Every era spawns financial follies. Every era spawns observations that, with hindsight, protagonists wish they had not made.
Every era spawns financial follies. Every era spawns observations that, with hindsight, protagonists wish they had not made. The best of these remarks encapsulate the prevailing, though transitory, mood of the times.
The 1950s and 1960s represented a golden economic age. Developed world economies grew steadily and in many cases rapidly. That era was captured in UK prime minister Harold Macmillan’s slogan: “You’ve never had it so good.” US President Dwight Eisenhower, who rivalled George W. Bush in eloquence, put it more discreetly: “Things are more like they are now than they ever were before.”
In the 1970s, this complacent order was upset by the oil crisis. Banks recycled global surpluses and deficits, lending extensively to developing countries. Walter Wriston, then Citibank’s cerebral chief executive, explained the logic: “The country can’t go bankrupt.” Almost immediately Argentina and Mexico repudiated their debts and, within a short time, most of Latin America followed. Countries couldn’t go bankrupt but that didn’t mean they need pay. It became apparent that the absence of an effective framework for handling sovereign default was a problem not a source of reassurance for lenders.
So in the 1980s lenders turned their attention to the expansion of domestic credit. Personal sector borrowing began its dizzy rise and Michael Milken of Drexel Burnham Lambert invented junk bond financing for flaky companies. Mr Milken explained that he was motivated by a deep sense of social responsibility. “I would not have been true to myself if I didn’t use the tools I had to try and raise capital for these people. If you say to me what characterises Drexel, it’s a commitment to helping people.” Australian entrepreneur Alan Bond expressed the spirit of the age: “It’s not how rich you are that matters, it’s how much you can borrow.”
But soon Drexel would be bust and Messrs Milken and Bond in jail. The focus of fashionable folly would switch to the stock market; in 1996 Alan Greenspan, then chairman of the US Federal Reserve, described its mood as “irrational exuberance”. But he would soon be converted. The heroine of the age was the internet goddess, Mary Meeker, who explained that we lived in “a brave new world for valuation methodologies”. “It really is land-grab time.” Chiding Mr Greenspan, she would say that: “This is a time to be rationally reckless.”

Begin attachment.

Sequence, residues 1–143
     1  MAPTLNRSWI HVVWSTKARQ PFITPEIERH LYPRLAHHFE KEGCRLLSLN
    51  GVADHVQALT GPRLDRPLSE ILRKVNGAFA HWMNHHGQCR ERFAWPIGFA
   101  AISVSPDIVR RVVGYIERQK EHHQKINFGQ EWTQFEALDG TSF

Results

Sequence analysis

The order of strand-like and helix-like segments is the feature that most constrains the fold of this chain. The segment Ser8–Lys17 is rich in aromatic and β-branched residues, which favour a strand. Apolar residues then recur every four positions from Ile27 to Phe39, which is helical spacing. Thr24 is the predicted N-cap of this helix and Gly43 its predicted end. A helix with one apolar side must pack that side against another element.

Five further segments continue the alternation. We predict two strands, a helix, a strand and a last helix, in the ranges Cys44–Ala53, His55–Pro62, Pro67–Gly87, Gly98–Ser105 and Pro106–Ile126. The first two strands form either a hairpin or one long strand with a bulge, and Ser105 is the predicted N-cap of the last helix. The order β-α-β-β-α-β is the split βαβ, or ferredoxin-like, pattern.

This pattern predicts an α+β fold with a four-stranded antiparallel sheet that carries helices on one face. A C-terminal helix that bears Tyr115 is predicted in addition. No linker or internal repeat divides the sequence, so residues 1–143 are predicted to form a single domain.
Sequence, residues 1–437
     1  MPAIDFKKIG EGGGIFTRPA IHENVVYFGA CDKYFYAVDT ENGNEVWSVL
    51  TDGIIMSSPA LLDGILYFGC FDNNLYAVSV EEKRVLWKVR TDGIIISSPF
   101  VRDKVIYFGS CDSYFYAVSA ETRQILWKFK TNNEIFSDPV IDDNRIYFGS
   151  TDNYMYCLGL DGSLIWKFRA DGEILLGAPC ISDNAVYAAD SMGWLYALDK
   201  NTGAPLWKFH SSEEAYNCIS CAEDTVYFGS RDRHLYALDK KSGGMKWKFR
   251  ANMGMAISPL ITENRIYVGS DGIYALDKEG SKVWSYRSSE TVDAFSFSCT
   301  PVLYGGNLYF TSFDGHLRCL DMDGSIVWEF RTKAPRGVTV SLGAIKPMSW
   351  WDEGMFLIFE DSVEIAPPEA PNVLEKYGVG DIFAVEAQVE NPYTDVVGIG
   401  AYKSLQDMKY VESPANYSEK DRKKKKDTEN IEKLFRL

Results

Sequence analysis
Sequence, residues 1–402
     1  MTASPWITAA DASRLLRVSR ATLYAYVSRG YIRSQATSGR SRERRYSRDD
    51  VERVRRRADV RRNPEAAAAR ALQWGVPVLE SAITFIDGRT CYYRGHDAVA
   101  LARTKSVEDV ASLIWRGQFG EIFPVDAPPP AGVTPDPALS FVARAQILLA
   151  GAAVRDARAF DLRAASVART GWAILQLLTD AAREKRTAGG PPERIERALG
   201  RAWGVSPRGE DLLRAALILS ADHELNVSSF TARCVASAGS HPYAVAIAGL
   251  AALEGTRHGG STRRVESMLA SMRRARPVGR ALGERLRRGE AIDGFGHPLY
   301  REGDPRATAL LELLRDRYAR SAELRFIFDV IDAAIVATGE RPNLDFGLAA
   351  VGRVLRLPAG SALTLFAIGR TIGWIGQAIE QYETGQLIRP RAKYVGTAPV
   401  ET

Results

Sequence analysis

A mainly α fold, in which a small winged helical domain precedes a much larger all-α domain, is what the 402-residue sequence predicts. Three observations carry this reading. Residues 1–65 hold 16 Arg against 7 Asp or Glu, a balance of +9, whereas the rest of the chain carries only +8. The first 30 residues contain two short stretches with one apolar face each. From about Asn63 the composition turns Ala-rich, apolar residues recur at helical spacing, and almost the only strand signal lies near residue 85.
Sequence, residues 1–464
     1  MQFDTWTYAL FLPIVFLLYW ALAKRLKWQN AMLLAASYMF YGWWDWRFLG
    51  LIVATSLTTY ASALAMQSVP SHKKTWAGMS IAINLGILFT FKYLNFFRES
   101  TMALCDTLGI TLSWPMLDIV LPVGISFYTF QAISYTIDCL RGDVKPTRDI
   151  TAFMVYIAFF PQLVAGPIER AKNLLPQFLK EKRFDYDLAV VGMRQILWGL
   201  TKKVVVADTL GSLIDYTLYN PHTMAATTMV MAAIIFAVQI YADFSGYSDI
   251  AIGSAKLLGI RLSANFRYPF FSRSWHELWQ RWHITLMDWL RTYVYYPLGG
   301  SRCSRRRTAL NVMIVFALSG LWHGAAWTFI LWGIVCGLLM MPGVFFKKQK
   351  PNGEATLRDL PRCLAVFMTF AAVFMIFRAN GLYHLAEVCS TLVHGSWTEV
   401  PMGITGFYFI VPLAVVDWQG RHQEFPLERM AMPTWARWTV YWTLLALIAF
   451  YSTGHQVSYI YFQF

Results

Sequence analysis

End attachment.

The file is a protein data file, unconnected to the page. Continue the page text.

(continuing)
How to sum it up? Perhaps, in the frequently rediscovered aphorism attributed to many different people: “The four most expensive words in investment are ‘This time it’s different’.” Or perhaps, in the words of Ernst Malstrom, architect of Boo.com, the most lavish spender among internet start-ups: “Are you sure it was a dream?”
Mr Malstrom would be echoed a decade later by Dick Fuld, the last CEO of ill-fated Lehman Brothers: “I wake up every single night wondering what I could have done differently.” But much had happened in the meantime. Mr Greenspan described the new world in 2002: “The use of a growing array of derivatives and the related application of more sophisticated methods for measuring and managing risk are key factors underpinning the enhanced resilience of our largest financial institutions. As a result, not only have individual financial institutions become less vulnerable to shocks from underlying risk factors, but also the financial system as a whole has become more stable.”
That must rank high among observations the speaker wishes he had not made. “Those of us who have looked to the self-interest of leading institutions to protect shareholders’ equity are in a state of shocked disbelief,” Mr Greenspan told Congress last year. “The whole intellectual edifice [the modern risk management paradigm] collapsed in the summer of last year.”
But the comment that best captures the past decade must surely be found in the interview Chuck Prince, then CEO of Citigroup, gave this newspaper one month before the credit crunch crunched: “So long as the music is playing, you’ve got to get up and dance. We’re still dancing.” His statement reflected the groupthink in which people not only imitate each other’s behaviour, but reinforce each other’s magical thinking, and also the inability of men who occupied powerful positions in the financial services industry to control their own organisations.
The investor Warren Buffett had earlier described the dilemma: “The giddy participants all planned to leave just seconds before midnight. There’s a problem, though: they’re dancing in a room in which the clocks have no hands.” Sir Isaac Newton, four centuries before, had remained a wallflower, seeing the South Sea Bubble for what it was. But he was persuaded to take the floor for the last waltz. “I can predict the motion of heavenly bodies,” he observed ruefully, “but not the madness of crowds.”
Mr Malstrom was anticipated by Alexander Pope: “They have dreamed out their dream and awaking have found nothing in their hands.” Perhaps that old cynic, Adam Smith, should have the final words on past and present financial follies: “The chance of gain is by every man more or less overvalued, and the chance of loss is by most men undervalued and by scarce any man who is in tolerable health and spirits valued more than it is worth.”